The ding of the email hitting my inbox brought with it an exciting headline. “Hey, you wanna buy a plane?” It was from a friend of mine who is looking to become a Private Pilot. He heard about a couple of people in the area looking to buy an airplane together. I explored aircraft ownership a few years ago, but decided the time wasn’t right. But maybe this was my chance. I set out to do my homework and figure out if it was feasible. It’s certainly not for everyone, although I was pleasantly surprised to learn that you don’t have to be rich and famous to own an airplane. So is it better to rent or is owning realistic? Let’s dig in and find out.


The Big Picture
When you search around and look at what it takes to become a Private Pilot, you might find a general estimation of the cost per hour and the number of hours it typically takes to compete. Along with this estimation is an idea of the equipment, costs and commitment needed. In the same spirit, this exercise is intended to explore the big picture of aircraft ownership, at least as far as I can research it as a pilot looking to make the leap into a purchase. There are a bunch of airplanes to choose from, and each kind serves a specific purpose. The number of seats, cruise speed and useful load are all important to consider along with the cost. By looking at places like AeroTrader or Controller, you can start pricing some out. For this exercise, we’re looking to buy a basic, reliable training airplane like a Cessna 172.

Cessna 172 On Ramp

This Cessna 172 is a common purchase for both training and utility.


Fixed Costs
The biggest requirement for becoming an aircraft owner is the airplane. It’s the first fixed cost to consider, and it will likely be in the form of a financed monthly payment. I found a listing for a 1979 Cessna 172N for $60K. Using the AOPA loan calculator, I might expect to pay around $400 per month on a 15 year 5% loan with $10K down. Look at it like a new car payment. After the plane, getting insurance from a place like AOPA might cost around $100 per month. And since we can’t fly it 24/7, we have to consider either renting hangar space or tie-downs. Hangaring an aircraft is much better for it than keeping it out in the elements (much like a car in a garage), but the additional cost reflects the additional protection. In my area, I was able to find hangar space for around $200 per month.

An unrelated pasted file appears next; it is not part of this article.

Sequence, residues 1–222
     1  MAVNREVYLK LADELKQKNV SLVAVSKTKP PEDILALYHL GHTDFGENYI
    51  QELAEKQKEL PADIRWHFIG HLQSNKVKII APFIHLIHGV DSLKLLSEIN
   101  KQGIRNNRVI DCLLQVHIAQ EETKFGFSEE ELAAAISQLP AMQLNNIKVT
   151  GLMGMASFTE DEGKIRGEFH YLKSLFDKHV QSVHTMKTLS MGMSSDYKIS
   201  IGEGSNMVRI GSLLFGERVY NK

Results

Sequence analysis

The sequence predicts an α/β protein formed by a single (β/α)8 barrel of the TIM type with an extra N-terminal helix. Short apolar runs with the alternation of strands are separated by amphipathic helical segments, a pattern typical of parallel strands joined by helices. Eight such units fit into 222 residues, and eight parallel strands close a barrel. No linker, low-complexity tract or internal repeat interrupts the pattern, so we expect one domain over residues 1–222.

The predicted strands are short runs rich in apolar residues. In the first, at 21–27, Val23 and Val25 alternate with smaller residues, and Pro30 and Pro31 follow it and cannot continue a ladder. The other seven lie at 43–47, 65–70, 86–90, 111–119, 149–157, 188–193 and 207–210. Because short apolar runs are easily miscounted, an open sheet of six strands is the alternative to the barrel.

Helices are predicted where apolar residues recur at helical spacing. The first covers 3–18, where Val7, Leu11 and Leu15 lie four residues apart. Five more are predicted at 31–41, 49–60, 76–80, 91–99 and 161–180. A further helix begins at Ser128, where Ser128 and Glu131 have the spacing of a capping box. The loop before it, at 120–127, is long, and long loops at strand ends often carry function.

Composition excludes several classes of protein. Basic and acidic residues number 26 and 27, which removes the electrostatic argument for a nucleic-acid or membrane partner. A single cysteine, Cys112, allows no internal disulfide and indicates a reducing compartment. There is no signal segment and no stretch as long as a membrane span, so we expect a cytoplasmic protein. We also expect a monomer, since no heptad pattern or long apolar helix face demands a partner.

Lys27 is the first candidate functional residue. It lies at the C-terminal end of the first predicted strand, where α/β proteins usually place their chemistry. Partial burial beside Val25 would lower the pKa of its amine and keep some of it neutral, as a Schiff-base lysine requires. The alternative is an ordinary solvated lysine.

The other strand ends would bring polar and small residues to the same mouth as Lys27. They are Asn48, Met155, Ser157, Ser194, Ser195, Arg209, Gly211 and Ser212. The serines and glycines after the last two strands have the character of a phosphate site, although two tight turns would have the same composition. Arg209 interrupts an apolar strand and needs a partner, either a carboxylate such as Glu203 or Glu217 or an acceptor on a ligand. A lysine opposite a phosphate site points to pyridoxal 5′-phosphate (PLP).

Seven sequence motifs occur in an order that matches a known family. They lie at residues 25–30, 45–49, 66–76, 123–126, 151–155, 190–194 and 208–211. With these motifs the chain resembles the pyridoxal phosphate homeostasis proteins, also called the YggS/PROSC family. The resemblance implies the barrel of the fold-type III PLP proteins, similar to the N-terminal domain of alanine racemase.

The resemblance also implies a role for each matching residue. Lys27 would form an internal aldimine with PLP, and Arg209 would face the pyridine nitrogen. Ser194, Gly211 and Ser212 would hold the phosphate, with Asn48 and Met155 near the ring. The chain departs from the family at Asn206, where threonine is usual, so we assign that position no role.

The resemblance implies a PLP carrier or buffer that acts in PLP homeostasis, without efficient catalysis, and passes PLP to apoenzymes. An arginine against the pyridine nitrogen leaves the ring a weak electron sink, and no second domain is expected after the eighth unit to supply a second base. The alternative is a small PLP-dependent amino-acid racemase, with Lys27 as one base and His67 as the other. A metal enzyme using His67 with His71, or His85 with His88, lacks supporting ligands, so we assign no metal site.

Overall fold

Single Engine Airplane On Ramp

Using airplane tie-downs is a cheaper option than a hangar, but it leaves the airplane constantly vulnerable to the elements.


Real Time Hourly Costs
Now that we have our plane, let’s go flying! But bring some cash, because it stays pretty thirsty for fuel and oil. On a conservative estimation of 10 gallons per hour, we can expect to pay around $50 per hour for fuel. Oil is about $6 per quart, and every three flight hours or so will require a quart of oil, so that adds a couple bucks per hour for the oil.

Shell Aviation Fuel Athens Airport

The cost of fuel per hour can vary from airport to airport, but build a conservative estimation into the operating cost, and consider that many rental aircraft include fuel in the rental price.


Maintenance Costs
Have you ever had a car that you never had to put much maintenance into? Aside from changing the oil and keeping tires on it, some cars only need attention when something breaks. That’s not a great approach to an airplane, though. There are three basic required maintenance actions for this airplane. First is the annual inspection. The airplane is required to go in the shop each year for this routine inspection that covers a number of preventative repairs. I’d plan on $1000-$2000 to cover it, depending on what exactly needs addressing. Next is the engine overhaul. One of the reasons that airplanes run so well is because of how the engines are cared for. Every 2000 flight hours or so, depending on the particular engine, an overhaul will be required costing in the ballpark of $17K. True, that’s pricey, but keep in mind that the average pilot files somewhere around 100 hours per year, meaning that the overhaul might not happen for up to 20 years. Knowing that the cost will happen every 2000 hours will allow you to put aside $8-$10 per hour as you fly to prepare for the engine overhaul. A propeller overhaul needs to be accounted for as well, which could be either every 6 years or every 2000 hours. This will cost several thousand dollars, depending on the prop, so a few extra dollars per hour alongside that engine overhaul fund is wise. Finally, setting money aside into a general maintenance fund is a good idea. Like with owning a home, there will be unexpected costs that pop up, and having the money ready for that is a necessary step.

Checking Oil Cessna 172

Some of the basic maintenance like changing the oil are possible to do as an owner and pilot, but the overhauls and big stuff need to be handled by an aviation mechanic.